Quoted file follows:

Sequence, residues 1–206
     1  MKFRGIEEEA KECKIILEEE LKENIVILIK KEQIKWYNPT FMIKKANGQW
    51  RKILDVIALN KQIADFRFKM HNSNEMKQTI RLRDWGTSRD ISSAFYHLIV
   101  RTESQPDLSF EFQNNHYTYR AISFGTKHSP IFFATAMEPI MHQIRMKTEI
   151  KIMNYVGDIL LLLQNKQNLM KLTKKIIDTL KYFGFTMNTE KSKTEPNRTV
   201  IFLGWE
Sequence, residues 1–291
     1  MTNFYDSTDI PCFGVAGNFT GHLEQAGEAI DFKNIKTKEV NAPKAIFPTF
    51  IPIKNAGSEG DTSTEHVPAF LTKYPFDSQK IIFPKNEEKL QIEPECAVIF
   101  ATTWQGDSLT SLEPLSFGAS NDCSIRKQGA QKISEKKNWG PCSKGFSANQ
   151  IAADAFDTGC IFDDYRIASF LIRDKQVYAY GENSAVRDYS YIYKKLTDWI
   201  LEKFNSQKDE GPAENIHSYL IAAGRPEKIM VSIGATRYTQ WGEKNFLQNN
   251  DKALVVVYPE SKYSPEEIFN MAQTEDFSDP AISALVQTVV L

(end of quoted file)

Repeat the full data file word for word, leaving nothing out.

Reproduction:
Sequence, residues 1–206
     1  MKFRGIEEEA KECKIILEEE LKENIVILIK KEQIKWYNPT FMIKKANGQW
    51  RKILDVIALN KQIADFRFKM HNSNEMKQTI RLRDWGTSRD ISSAFYHLIV
   101  RTESQPDLSF EFQNNHYTYR AISFGTKHSP IFFATAMEPI MHQIRMKTEI
   151  KIMNYVGDIL LLLQNKQNLM KLTKKIIDTL KYFGFTMNTE KSKTEPNRTV
   201  IFLGWE
Sequence, residues 1–291
     1  MTNFYDSTDI PCFGVAGNFT GHLEQAGEAI DFKNIKTKEV NAPKAIFPTF
    51  IPIKNAGSEG DTSTEHVPAF LTKYPFDSQK IIFPKNEEKL QIEPECAVIF
   101  ATTWQGDSLT SLEPLSFGAS NDCSIRKQGA QKISEKKNWG PCSKGFSANQ
   151  IAADAFDTGC IFDDYRIASF LIRDKQVYAY GENSAVRDYS YIYKKLTDWI
   201  LEKFNSQKDE GPAENIHSYL IAAGRPEKIM VSIGATRYTQ WGEKNFLQNN
   251  DKALVVVYPE SKYSPEEIFN MAQTEDFSDP AISALVQTVV L